The Ultimate Houdini node reference

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The Transform SOP transforms the source geometry in "object space" using a transformation matrix

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    A great way to understand the transform node in more detail is by also visiting the course - Quaternions and Matrices.  In practice, you'll want to use the transform node whenever you're trying to transform something procedurally.  If you're not trying to do something procedurally, then the Edit node is better to use.  

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Main Parameters:


--  The group allows you to select certain prim/point ids along with any specifed group names which may be present on the geometry stream.  For more information about groups, please visit the node bible's Group entry.

Group Type:

--  Be sure that you specify the correct group type

Transform Order:

--  In what order would you like to apply the transformation?  That means, are you going to scale first, then rotate, then translate?  Or would you like the order of operations to be different?  This parameter may be particularly relevant when rigging - especially when it comes to the order in which something is rotated.


--  Moves your geo around in x,y,z


--  Rotates your geo in x,y,z


--  Scales your geo in x,y,z


-  Shear is typically used to calculate the Scale of something when using a 4x4 matrix.  Here you can specify any additional shear, but in practice, this doesn't get used very often... or much at all really.

Pivot Transform:

--  This changes where the pivot is located.  This is especially important when rotating because it will rotate everything relative to the pivot's location and rotation.  To manually change this, you can press "insert" on the keyboard, move around the handle in the viewport to where you want the pivot to go, and then press "insert" again to exit pivot edit mode. 


-  This area is particularly useful for rigging because it allows riggers to set a certain position, rotation, and/or scale as the "rest" or "zero" state for that object.  In other words, it's like a transform that you do to something before the main transform is applied.  This might be useful for, let's say, a rigger to bring something back to its rest pose by taking the difference between the current transform and the rest transform.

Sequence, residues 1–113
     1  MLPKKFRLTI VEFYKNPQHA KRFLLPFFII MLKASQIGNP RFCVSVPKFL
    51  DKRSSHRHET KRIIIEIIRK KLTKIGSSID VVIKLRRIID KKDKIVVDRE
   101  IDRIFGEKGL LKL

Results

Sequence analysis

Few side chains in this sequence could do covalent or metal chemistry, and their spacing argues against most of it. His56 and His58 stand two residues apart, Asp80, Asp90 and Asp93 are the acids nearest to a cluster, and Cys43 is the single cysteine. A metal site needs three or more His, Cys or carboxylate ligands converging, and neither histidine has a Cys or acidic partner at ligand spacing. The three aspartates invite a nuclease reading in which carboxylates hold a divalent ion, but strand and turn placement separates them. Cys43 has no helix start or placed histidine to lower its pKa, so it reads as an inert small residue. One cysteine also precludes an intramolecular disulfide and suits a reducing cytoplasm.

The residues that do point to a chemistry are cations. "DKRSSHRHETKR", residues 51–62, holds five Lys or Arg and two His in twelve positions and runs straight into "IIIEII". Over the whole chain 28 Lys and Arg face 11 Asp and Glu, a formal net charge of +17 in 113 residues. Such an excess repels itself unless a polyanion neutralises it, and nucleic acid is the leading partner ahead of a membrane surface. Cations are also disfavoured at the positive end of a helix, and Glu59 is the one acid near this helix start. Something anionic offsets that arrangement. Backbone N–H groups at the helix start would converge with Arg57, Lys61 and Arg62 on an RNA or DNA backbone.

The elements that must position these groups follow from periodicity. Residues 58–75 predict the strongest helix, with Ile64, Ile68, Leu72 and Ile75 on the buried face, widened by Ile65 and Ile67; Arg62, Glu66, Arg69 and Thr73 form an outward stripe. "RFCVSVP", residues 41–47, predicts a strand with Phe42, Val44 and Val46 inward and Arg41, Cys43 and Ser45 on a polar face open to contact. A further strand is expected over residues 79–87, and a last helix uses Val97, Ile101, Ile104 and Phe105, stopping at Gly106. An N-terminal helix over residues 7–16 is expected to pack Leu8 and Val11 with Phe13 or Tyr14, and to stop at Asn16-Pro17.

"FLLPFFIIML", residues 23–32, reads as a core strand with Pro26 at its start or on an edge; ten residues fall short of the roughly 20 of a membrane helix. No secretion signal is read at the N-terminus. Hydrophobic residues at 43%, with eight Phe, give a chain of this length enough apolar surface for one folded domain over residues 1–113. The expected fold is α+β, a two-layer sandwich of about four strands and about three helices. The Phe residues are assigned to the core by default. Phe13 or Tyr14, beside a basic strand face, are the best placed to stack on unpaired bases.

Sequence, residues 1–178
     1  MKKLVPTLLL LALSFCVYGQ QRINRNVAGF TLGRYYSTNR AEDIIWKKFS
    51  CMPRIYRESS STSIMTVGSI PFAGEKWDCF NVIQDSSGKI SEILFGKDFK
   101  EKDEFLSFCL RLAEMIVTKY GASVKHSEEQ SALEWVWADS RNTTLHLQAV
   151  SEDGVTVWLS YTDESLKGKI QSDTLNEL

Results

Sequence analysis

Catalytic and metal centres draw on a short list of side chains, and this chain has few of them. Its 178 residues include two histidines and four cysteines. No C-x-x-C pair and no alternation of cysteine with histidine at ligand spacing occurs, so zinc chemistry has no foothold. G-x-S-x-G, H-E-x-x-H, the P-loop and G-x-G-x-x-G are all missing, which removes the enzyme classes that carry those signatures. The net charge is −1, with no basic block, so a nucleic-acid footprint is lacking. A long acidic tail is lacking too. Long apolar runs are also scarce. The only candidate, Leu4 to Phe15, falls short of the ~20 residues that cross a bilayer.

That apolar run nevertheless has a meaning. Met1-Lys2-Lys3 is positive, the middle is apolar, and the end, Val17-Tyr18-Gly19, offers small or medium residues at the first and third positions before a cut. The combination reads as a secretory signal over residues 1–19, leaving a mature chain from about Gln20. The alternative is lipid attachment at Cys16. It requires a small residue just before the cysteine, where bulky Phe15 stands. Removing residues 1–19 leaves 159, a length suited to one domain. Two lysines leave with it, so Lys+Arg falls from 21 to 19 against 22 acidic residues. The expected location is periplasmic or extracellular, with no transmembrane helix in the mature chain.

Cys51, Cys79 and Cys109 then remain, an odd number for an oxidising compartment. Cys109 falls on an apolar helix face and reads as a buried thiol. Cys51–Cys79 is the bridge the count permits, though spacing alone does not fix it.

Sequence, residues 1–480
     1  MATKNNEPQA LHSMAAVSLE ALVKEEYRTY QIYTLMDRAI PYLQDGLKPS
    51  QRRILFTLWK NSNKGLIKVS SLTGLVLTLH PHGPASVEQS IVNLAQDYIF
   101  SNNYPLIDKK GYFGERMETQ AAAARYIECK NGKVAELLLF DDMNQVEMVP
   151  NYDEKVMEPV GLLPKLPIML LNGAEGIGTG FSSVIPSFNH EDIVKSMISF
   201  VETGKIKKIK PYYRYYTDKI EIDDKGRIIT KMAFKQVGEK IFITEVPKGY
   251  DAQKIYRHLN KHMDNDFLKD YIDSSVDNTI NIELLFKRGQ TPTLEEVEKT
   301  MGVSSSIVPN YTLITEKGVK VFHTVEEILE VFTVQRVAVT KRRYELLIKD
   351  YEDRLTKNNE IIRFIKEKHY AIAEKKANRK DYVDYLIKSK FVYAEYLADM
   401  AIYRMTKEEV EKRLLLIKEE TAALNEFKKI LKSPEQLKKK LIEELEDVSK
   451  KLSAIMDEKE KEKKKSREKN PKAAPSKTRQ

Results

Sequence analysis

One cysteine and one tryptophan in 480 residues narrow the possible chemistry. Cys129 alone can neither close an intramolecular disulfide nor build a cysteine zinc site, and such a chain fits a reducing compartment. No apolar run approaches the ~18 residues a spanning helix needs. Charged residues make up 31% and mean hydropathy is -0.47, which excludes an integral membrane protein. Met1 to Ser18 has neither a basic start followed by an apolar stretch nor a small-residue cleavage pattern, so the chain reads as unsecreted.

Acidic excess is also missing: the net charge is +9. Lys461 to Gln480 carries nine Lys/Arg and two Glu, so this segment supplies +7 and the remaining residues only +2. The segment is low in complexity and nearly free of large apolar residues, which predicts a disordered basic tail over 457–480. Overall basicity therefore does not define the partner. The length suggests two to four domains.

Move Centroid to Origin:

-- This initiates a script which takes the negative center bbox position of an object and moving that to the origin. 


--  Transforming doesn't just apply to the P, it can affect all attributes - such as velocity, normal, etc...  If for any reason you do not want to transform an attribute along with this translate, you can specify so here.

Recompute Point Normals:

--  It is recommended that you leave this off and use a normal sop instead.  The normal sop is a much cleaner workflow because it's easier to see when the normals are being changed.

Recompute Affected Normals:

--  If you do not Recompute point normals above, then this option will be available.  This only relates to normals which relate to the geometry specified in the group field.  So, if you want to make a partial selection of faces, for instance, you can choose to only compute those face normals by checking this on.

Preserve Normal Length:

--  With this checked on, the normal lengths are not affected.  In most situations, you want to leave this on.

Invert Transformation:

--  Inverts the transformation values.  This is useful when you want to remove the transform information that has been generated by another transform node... or by some other transformation matrix.

Output Attribute:

--  This creates a transform matrix that relates to the data generated by this node.  You can use this, for example, to apply the same transform elsewhere, or reverse the transformation later in the chain.  The replace existing, pre-multiply, and post-multiply relate to how the transform node deals with any transform matrix which already exists with the same name.  "Post-multiplication" applies the transform in the same way as if you wired multiple transform nodes to each other in the network.  I believe "Pre-Multiply" is like placing the current transform node above the existing xform data.

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Local Variables:

Sometimes nodes contain "local variables."  These local variables do various things and can be used with the "$FOO" syntax.  So, as an example, if you want to return the centroid z position of the input, you can say $CEZ.  The transform sop has some very useful local variables which might help you procedurally control its behavior.  Check out Jeff's video above for a good demonstration.

The centroid of the input
The centroid of the input group
The X extents of the bounding box of the input
The Y extents of the bounding box of the input
The Z extents of the bounding box of the input
The size of the bounding box of the input